Office of Special Counsel 2. The Special Counsel should communicate expected processing timelines to whistleblowers. (Recommendation 2)
OSC has incorporated explicit language in its acknowledgement letters to whistleblowers that investigations may exceed the statutory timeframe. OSC has also now implemented a standard operating procedure of adhering to the 45-day timeframe for making a substantial likelihood determination under 5 U.S.C. 1213(b). According to OSC, it will be revising its acknowledgement letters to whistleblowers to reflect that OSC expects to make a referral determination within 45 days.
Office of Special Counsel 3. The Special Counsel should develop, document, and implement case processing procedures for OSC's Complaints Examining Unit, including procedures for how cases are prioritized, how to take favorable actions, how to balance obtaining favorable actions with meeting staff productivity expectations, and how cases should be reviewed by supervisors. (Recommendation 3)
The Special Counsel convened an Effectiveness and Efficiency Working Group tasked with evaluating every unit's case process activities. The group issued recommendations in the spring of 2018, after which the Special Counsel announced a significant reorganization of OSC in the spring of 2018. Specifically, effective October 1, 2018, OSC created a new Intake Unit and merged the headquarters CEU with the Investigations and Prosecution Division (IPD). According to OSC, it continues to develop standard case processes, including procedures for prioritizing cases, obtaining favorable actions, establishing qualitative and quantitative performance expectations, and reviewing cases.
Office of Special Counsel 4. The Special Counsel should identify and implement additional controls and tools needed to ensure closed case files can be tracked and located efficiently. (Recommendation 4)
The Clerk of OSC has identified and is implementing the following controls and tools needed to ensure closed case files can be tracked and located efficiently: (1) creation and utilization of file plans according to the OSC disposition scheduled for each unit (including inventory of records); (2) creation of an Archives and Records Centers for Information Sharing (ARCIS) account to manage functions related to OSC's Electronic Records Management System (ERMS), including retiring temporary records to the Federal Records Center (FRC), transmitting and tracking records requests to FRC, and transferring permanent records to the National Archives and Records Administration. According to OSC, the Clerk is further establishing policies and procedures, as well as staff training, for records retention, including but not limited to routine evaluations and assessments. OSC employs FOIA Xpress to locate open and closed cases in response to records requests under the Freedom of Information Act.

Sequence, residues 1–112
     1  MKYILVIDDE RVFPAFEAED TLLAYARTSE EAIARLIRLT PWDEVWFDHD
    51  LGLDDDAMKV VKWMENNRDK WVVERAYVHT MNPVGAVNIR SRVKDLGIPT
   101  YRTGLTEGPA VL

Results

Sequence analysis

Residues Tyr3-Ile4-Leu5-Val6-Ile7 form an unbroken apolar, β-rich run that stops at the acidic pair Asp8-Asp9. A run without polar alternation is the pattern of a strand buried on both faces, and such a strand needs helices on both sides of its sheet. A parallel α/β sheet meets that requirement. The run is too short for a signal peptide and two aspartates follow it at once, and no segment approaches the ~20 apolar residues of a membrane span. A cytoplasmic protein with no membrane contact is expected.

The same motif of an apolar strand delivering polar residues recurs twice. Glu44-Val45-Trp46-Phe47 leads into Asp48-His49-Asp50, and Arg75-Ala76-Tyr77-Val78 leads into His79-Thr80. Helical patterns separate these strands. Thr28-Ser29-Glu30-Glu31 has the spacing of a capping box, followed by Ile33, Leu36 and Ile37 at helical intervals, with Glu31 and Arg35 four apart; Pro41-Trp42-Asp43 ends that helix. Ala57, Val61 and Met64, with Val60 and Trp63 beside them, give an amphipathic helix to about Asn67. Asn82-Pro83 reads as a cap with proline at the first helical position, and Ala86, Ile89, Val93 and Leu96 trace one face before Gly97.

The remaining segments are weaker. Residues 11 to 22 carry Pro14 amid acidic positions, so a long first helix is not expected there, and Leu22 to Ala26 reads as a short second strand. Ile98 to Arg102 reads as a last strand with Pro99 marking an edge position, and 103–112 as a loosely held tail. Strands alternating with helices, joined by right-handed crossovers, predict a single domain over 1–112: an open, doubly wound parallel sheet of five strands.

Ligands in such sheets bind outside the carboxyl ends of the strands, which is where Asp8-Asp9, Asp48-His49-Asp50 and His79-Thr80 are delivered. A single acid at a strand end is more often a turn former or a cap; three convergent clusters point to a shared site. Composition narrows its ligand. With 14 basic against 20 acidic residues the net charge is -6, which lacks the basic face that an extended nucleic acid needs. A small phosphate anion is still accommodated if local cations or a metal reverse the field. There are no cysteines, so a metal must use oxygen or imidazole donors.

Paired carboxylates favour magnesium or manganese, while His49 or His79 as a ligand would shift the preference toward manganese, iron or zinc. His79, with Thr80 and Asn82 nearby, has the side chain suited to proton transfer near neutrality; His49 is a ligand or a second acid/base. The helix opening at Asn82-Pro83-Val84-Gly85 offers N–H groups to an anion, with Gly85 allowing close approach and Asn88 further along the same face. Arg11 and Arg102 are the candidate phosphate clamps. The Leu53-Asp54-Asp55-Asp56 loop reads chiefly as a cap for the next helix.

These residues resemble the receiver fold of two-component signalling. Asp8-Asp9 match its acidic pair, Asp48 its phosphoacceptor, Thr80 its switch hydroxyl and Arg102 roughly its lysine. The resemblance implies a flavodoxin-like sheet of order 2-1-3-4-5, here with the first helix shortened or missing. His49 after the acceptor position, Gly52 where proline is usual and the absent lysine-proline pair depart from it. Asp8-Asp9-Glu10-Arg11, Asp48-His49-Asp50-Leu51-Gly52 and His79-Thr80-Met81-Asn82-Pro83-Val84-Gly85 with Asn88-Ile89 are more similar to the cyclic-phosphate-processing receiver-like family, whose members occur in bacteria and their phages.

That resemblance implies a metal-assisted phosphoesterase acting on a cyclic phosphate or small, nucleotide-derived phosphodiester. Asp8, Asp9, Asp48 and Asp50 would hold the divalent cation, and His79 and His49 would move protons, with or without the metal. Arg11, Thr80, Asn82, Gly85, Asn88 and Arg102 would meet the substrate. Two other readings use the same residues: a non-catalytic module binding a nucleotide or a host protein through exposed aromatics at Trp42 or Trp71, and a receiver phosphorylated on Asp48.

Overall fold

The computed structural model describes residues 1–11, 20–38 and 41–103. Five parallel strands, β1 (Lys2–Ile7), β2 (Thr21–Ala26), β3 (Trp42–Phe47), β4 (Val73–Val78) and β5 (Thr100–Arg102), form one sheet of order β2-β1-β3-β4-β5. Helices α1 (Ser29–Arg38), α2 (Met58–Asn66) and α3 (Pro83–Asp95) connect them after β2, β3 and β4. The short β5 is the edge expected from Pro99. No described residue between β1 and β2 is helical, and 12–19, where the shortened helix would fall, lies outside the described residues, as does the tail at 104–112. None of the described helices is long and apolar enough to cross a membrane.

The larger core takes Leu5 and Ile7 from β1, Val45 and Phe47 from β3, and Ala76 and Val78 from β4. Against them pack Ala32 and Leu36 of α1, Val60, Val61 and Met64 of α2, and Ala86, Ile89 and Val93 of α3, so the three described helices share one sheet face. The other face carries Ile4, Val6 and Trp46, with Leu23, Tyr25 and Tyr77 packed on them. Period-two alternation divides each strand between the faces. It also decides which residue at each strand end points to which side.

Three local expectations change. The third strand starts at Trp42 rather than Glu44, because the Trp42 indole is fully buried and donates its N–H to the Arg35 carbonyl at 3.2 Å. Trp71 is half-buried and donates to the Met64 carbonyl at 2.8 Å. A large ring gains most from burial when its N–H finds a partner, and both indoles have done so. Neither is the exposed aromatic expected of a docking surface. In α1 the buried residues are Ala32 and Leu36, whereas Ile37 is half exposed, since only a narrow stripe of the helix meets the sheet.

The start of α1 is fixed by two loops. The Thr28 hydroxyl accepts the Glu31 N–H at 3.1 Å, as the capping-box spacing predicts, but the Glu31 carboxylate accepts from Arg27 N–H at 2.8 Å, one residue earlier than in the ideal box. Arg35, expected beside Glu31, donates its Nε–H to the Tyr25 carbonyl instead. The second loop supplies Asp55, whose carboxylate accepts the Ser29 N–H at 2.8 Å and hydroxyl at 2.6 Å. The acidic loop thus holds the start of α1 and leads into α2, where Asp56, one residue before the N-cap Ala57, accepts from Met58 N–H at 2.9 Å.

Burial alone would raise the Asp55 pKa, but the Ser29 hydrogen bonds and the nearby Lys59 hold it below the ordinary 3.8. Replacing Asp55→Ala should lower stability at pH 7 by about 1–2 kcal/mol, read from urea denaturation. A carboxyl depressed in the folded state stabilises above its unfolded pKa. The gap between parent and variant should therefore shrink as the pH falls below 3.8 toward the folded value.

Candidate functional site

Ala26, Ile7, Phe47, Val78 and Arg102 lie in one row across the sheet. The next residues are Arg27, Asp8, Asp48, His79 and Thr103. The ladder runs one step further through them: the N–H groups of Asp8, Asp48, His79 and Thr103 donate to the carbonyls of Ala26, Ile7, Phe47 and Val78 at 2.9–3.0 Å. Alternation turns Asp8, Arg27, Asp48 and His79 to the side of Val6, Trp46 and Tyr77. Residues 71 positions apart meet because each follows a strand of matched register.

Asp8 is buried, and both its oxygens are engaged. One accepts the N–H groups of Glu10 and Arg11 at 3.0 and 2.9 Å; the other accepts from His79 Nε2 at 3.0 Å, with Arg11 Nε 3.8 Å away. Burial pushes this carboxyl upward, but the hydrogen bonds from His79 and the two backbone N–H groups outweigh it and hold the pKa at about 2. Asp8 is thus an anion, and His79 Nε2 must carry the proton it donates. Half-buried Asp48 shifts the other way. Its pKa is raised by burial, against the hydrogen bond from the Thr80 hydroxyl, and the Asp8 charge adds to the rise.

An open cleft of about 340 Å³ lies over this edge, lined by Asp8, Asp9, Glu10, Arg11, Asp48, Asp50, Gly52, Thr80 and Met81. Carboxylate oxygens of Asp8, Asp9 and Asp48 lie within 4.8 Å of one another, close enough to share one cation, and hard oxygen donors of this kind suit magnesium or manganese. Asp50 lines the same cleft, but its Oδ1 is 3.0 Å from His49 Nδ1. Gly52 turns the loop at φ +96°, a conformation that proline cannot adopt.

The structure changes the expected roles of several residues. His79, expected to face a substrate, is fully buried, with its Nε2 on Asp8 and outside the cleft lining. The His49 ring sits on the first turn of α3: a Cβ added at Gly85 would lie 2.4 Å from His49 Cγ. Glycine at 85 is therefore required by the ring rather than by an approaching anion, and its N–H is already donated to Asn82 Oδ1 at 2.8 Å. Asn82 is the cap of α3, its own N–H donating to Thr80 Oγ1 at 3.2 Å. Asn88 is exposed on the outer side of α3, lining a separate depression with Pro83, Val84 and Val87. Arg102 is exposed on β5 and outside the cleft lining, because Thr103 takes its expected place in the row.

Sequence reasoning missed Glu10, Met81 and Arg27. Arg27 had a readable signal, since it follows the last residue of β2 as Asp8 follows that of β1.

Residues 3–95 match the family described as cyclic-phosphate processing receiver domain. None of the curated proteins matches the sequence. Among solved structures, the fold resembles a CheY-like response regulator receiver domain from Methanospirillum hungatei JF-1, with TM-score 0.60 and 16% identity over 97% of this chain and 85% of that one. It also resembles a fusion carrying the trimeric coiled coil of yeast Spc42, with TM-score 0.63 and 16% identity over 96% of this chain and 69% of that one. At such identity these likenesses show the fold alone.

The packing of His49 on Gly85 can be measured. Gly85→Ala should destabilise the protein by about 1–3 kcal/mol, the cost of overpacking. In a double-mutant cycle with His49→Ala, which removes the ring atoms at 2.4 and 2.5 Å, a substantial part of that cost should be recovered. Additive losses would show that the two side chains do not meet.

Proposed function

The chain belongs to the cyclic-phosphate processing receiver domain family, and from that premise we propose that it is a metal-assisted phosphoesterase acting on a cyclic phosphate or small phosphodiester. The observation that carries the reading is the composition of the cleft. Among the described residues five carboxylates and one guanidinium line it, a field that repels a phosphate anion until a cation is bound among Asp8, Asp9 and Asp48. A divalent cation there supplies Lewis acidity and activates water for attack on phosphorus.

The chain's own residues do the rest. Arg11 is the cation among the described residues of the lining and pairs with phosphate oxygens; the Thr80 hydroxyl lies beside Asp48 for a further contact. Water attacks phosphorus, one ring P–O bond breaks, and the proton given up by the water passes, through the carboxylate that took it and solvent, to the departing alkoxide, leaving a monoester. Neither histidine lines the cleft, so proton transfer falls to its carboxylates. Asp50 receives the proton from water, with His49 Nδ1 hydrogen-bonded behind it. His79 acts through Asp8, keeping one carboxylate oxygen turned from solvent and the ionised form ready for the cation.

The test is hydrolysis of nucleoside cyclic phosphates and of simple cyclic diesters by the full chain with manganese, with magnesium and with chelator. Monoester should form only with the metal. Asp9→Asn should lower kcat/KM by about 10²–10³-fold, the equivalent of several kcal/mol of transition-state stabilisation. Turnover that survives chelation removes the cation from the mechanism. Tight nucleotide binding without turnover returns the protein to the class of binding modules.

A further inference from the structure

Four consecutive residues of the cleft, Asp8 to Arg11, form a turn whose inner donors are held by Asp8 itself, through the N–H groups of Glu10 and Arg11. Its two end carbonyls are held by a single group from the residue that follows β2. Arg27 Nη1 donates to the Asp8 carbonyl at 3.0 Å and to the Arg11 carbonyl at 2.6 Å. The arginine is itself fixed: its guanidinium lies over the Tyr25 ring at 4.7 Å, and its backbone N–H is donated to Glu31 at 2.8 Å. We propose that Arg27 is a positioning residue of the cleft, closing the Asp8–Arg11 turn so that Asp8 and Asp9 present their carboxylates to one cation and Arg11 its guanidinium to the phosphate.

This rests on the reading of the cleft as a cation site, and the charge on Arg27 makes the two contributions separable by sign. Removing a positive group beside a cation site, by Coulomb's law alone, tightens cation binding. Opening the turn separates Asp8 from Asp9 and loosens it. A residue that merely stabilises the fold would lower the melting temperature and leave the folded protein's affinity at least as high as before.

Office of Special Counsel 5. The Special Counsel should develop, document, and implement a standardized training program for entry-level employees, across units. (Recommendation 5)
Closed - Implemented
According to OSC, the Special Counsel has instituted an approach to recruitment and retention of program staff that emphasizes engagement with all of OSC's programs rather than unit-specific staffing. According to an OSC official, the agency now only hires attorneys to process cases. The official explained that all newly hired attorneys will serve one-year rotations in the PPP, disclosure and Hatch Act units, each of which entails an initial training period in the respective program area. In addition, OSC has developed and implemented a twelve-hour PPP training program for all newly hired attorneys and legal interns, which includes a general introduction to all PPPs and OSC's jurisdiction, followed by focused training on retaliation/reprisal cases, hiring action cases, and other types of PPP allegations. Going forward, OSC officials said that new attorneys/interns will be aligned with senior examiners for additional on-the-job training.
Office of Special Counsel 6. The Special Counsel should finalize a time frame for completing work with the Council of Inspectors General on Integrity and Efficiency and agency Inspectors General to obtain a fully independent review process for internal OSC allegations. (Recommendation 6)
Closed - Implemented
OSC's agreement with CIGIE has expired and the agency has negotiated an agreement with the Inspector General of the Office of Personnel Management (OPM) to perform a fully independent review and investigation of internal OSC allegations. The one year agreement was completed and signed on August 28, 2018.
Office of Special Counsel 7. The Special Counsel should increase and clarify ongoing outreach to OSC employees regarding OSC's process for handling internal PPP claims or whistleblower disclosure allegations. (Recommendation 7)
Closed - Implemented
On March 28, 2018, the Special Counsel sent an email to every OSC employee informing them in detail of OSC's process for handling internal complaints and disclosures. Attached to the email was a copy of OSC's Directive 57, which sets forth OSC's internal complaints and disclosure process. In addition, OSC has updated the posters that are prominently placed throughout OSC's communal areas notifying OSC employees of their right to file complaints or disclosures and how to do so. Further, OPM's IG presented the new program for reporting internal OSC complaints directly to OPM IG at OSC's All Hands meeting in September 2018.